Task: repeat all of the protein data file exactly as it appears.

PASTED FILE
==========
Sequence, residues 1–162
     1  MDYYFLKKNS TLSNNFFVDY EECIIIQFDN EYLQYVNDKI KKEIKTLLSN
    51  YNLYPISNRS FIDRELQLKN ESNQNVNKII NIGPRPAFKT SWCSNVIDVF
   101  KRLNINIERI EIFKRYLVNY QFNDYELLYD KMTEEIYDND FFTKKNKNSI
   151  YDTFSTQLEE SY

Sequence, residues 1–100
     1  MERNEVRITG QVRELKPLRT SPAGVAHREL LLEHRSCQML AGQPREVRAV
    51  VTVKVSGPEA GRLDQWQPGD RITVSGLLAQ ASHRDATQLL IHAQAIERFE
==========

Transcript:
Sequence, residues 1–162
     1  MDYYFLKKNS TLSNNFFVDY EECIIIQFDN EYLQYVNDKI KKEIKTLLSN
    51  YNLYPISNRS FIDRELQLKN ESNQNVNKII NIGPRPAFKT SWCSNVIDVF
   101  KRLNINIERI EIFKRYLVNY QFNDYELLYD KMTEEIYDND FFTKKNKNSI
   151  YDTFSTQLEE SY

Sequence, residues 1–100
     1  MERNEVRITG QVRELKPLRT SPAGVAHREL LLEHRSCQML AGQPREVRAV
    51  VTVKVSGPEA GRLDQWQPGD RITVSGLLAQ ASHRDATQLL IHAQAIERFE